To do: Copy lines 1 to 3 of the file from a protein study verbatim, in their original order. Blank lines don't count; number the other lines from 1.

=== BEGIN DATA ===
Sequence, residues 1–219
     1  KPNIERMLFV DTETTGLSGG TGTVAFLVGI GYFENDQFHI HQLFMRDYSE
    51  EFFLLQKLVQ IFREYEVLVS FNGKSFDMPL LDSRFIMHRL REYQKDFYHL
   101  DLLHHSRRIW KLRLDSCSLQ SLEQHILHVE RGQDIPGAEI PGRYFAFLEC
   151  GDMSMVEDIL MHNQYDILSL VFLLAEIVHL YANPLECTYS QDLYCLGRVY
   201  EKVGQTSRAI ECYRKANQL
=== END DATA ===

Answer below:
Sequence, residues 1–219
     1  KPNIERMLFV DTETTGLSGG TGTVAFLVGI GYFENDQFHI HQLFMRDYSE
    51  EFFLLQKLVQ IFREYEVLVS FNGKSFDMPL LDSRFIMHRL REYQKDFYHL